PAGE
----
An innovative new research partnership is set to greatly expand the amount of in-depth, cross national data available on the opportunities and risks of child internet use across the globe.
The Global Kids Online project, a multi-country initiative led by UNICEF Innocenti and the London School of Economics, aims to create an international network of researchers and experts through provision of a research toolkit available online. The toolkit is designed to generate robust research to better understand children’s diverse digital experiences in various countries and contexts.
The initial phase of the project consists of rigorous, multi method studies on how children access and use the internet in Serbia, South Africa, Argentina and the Philippines.
Speaking at the launch of the South African Global Kids Online pilot study in Pretoria, Daniel Kardefelt-Winther, UNICEF Innocenti research coordinator said: “With 1 in 3 internet users being a child, it’s crucial that we establish an evidence base of what children do online and what impact the internet has on their lives. Global Kids Online does precisely this, with a focus on the developing world where child internet users in many countries outnumber adult users.”
“The uniqueness of this research is in the fact that we asked questions both of parents and their children. This is powerful because we can match parent and child data and see how parents’ knowledge of the internet influences the child’s digital skills.
“We can also look at what parents’ attitudes to the internet are and see how this influences children’s opportunities to access. We can investigate whether parents’ knowledge of the internet influences what children do online and what risks they encounter.”
The findings from the South Africa Kids Online study indicate that one in three children have been exposed to hate speech and inappropriate content online. One in five children has also met face to face with a person they had first met with online although most respondents reported feeling fine about the meeting as most of them were of similar ages.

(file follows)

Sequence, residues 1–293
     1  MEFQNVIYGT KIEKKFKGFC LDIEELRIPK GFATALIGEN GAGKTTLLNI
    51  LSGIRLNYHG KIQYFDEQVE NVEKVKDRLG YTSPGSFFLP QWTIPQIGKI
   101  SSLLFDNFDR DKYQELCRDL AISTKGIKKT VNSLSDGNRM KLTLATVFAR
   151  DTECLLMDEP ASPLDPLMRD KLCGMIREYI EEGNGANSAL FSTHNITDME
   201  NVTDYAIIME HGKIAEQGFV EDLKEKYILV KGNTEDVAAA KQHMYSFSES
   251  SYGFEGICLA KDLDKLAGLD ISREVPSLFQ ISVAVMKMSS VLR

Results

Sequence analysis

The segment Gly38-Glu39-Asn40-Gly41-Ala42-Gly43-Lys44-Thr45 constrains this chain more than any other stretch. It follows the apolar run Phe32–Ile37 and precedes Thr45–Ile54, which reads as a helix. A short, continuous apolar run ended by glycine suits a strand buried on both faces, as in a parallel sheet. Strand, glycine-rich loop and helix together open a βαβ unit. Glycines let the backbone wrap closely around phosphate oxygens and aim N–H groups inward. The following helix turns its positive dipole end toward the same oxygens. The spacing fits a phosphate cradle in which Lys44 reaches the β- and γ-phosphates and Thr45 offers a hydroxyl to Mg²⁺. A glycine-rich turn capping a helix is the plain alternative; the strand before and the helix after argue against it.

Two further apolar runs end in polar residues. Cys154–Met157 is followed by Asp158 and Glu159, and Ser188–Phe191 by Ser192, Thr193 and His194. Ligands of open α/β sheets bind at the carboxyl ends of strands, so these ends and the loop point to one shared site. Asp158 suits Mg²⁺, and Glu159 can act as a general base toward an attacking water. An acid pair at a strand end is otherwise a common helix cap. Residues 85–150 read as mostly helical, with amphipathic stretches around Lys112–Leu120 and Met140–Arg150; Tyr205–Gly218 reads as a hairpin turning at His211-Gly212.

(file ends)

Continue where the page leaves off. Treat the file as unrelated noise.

Other South Africa findings reveal how most children value the internet for learning purposes, but rarely use the internet at school or receive guidance from their teachers on how to use the internet. Parents want to help their children but don’t feel they know enough about how to use the internet to guide them.
Anthony Nolan, UNICEF South Africa Chief of Child Protection shared why it was important to understand children’s digital experiences.
“Children and young people are leading the digital uptake in developing countries, but this also means that they are more likely to be exposed to negative online experiences,” he said.
“UNICEF believes that by understanding how children and young people are behaving in the digital space, they can be empowered to be responsible users.”
The South African Kids Online pilot study was conducted by the Centre for Justice and Crime Prevention. The study will feed into the Global Kids Online research findings which will be published in a synthesis report by UNICEF Innocenti later this year.
The South African Kids Online study interviewed 962 children, aged 9 to 17 years old, in the Western Cape, Eastern Cape and Gauteng regions about their internet use. Over 550 parents were interviewed in order to find out how they used the internet themselves and how they mediated their children’s internet use.
For more information on Global Kids Online visit here. To download the South African Kids Online pilot study, visit here. To learn more about UNICEF Innocenti’s work on child rights in the digital age visit here.
(4 October 2016)